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Fields of Protest: Women’s Movements in India

Raka Ray
Volume: 8
Copyright Date: 1999
Edition: NED - New edition
Pages: 236
https://www.jstor.org/stable/10.5749/j.cttts7mw
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  • Book Info
    Fields of Protest
    Book Description:

    The women’s movement in India has a long and rich history in which millions of women live, work, and struggle to survive in order to remake their family, home, and social lives. Using an innovative and comparative perspective, Ray offers a unique look at Indian activist women and adds a new dimension to the study of women’s movements on a global level.

    eISBN: 978-0-8166-8905-7
    Subjects: Sociology

Table of Contents

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  1. Front Matter
    (pp. i-vi)
  2. Table of Contents
    (pp. vii-viii)
  3. Acknowledgments
    (pp. ix-x)
  4. Political Parties and Women’s Organizations in India
    (pp. xi-xiv)
  5. Chapter 1 Women’s Movements and Political Fields
    (pp. 1-21)

    A pivotal scene in the recent controversial Indian filmBandit Queenshows the protagonist, a lower-caste young woman, being repeatedly and gruesomely raped. A few scenes later, now the acknowledged queen of the bandits and driven to avenge the hideous crimes committed against her, she is seen leading raids on villages, plundering and looting the rich. She returns to the scene of her victimization and, with the help of her enthusiastic band of robbers, rounds up and kills many of the men in the village who had so savagely wronged her.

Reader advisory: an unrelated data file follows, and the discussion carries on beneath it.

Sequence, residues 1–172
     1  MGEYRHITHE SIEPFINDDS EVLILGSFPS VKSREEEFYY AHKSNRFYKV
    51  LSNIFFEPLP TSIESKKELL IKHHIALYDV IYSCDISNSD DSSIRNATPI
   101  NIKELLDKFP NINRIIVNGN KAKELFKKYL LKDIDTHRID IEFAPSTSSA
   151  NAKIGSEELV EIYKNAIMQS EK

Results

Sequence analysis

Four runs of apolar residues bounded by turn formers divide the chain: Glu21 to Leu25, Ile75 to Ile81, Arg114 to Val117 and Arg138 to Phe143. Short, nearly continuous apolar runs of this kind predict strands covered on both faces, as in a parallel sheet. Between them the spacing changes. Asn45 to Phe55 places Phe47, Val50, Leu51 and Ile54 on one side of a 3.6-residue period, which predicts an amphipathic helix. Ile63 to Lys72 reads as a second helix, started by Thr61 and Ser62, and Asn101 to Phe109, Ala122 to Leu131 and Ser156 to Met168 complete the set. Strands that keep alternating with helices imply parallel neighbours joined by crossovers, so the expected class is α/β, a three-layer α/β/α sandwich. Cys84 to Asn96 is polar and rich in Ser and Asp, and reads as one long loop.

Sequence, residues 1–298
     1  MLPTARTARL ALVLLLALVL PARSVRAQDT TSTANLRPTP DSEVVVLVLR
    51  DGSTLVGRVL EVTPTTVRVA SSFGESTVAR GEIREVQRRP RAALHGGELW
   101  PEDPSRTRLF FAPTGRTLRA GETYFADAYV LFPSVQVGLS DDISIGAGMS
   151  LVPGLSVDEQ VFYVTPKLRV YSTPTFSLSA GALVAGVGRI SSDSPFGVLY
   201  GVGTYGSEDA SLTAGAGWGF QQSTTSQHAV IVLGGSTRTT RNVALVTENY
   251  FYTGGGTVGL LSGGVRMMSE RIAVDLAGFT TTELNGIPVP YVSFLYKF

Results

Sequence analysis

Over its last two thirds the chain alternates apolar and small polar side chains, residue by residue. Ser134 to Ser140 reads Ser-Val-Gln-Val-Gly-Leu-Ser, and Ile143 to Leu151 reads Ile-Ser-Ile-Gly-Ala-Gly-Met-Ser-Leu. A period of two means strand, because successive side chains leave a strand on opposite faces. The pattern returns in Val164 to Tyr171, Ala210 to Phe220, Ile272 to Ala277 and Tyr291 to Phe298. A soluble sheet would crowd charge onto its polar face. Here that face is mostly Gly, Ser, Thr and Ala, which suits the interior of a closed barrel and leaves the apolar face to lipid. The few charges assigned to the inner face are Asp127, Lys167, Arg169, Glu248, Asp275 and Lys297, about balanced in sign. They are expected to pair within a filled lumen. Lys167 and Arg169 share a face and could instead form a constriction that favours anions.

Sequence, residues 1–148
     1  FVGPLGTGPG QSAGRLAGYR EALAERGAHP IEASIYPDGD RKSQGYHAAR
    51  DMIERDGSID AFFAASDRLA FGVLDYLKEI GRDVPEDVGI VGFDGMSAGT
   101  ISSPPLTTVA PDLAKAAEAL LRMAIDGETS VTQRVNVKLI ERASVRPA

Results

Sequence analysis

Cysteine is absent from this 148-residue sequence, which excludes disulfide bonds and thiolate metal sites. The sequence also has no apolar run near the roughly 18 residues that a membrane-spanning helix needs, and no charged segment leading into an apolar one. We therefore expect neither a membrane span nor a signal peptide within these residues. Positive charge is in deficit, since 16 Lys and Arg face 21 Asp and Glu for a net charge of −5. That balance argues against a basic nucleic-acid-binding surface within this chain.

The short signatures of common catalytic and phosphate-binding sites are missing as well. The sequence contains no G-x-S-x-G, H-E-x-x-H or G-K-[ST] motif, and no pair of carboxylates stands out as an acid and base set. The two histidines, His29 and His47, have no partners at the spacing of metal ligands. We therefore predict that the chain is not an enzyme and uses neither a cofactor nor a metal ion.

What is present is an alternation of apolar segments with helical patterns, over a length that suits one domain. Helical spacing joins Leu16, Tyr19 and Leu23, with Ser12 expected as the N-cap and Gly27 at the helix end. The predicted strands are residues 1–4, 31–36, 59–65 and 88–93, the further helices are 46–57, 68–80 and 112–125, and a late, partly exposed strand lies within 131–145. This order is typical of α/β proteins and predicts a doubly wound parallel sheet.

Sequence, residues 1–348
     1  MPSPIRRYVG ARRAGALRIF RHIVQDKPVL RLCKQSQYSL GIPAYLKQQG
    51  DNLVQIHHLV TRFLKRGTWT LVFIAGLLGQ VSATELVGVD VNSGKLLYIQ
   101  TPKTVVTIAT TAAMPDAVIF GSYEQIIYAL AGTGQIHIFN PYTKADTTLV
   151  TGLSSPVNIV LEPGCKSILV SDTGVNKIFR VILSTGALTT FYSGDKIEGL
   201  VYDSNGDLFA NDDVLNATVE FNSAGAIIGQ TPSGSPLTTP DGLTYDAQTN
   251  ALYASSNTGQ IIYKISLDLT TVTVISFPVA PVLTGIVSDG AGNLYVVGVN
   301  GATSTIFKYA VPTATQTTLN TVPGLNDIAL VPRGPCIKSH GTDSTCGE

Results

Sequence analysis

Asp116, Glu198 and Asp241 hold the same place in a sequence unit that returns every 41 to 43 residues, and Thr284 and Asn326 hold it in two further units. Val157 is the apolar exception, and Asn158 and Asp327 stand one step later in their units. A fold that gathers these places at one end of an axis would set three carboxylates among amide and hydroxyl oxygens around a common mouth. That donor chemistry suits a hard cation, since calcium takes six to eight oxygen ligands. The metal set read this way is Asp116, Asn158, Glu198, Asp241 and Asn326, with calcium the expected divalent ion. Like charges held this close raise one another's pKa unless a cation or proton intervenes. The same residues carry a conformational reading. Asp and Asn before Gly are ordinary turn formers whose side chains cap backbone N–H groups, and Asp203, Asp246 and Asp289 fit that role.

Bandit Queenis based loosely on the life of...

  6. Chapter 2 From Lived Experiences to Political Action
    (pp. 22-44)

    One Saturday, in the midst of my fieldwork in India, I attended a monthly meeting at the Women’s Centre in Bombay, coordinated by Lata, one of the Centre’s full-time workers. At this meeting were various women who had received help from the Centre: Meena, a middle-class woman, who said she had known little about the injustices of the world until she got married; Mariamma, who sells flowers at Dadar train station and whose husband had tried to burn her; and Sita, whose husband, deciding that education was making his wife uppity, delivered to her an ultimatum on the day of...

  7. Chapter 3 Calcutta: A Hegemonic Political Field
    (pp. 45-62)

    Writing against the versions of Calcutta offered to tourists by theLonely Planet Guide, John Hutnyk describes an alternative tour popular among backpacking young travelers from the West. This tour includes, among other things, “a visit to the College Street bookshops near Calcutta University, possible participation in a Communist rally, coffee in the India Coffee House, lunch at a small Bengali food co-op, curiosity shops, various film houses, dance halls and cultural venues.” The tour also includes a view of the statue of Lenin, which “overlooks one of the busiest intersections of the city” (Hutnyk, 1996:133). This is certainly an...

  8. Chapter 4 Negotiating a Homogeneous Political Culture
    (pp. 63-83)

    Embedded as they are in particular fields, social movement organizations find themselves constantly negotiating with the state, other organizations, and their potential constituents in struggles to keep issues alive and to resolve them in the best possible manner. Chapter 3 foregrounded the interaction between the political culture and the distribution of power in Calcutta’s political field. In this chapter and the next, I draw out the implications of the configuration of that field for two types of groups—the powerful PBGMS and the subordinate Sachetana—and for the activists within them. Here we have two organizations, created within a year...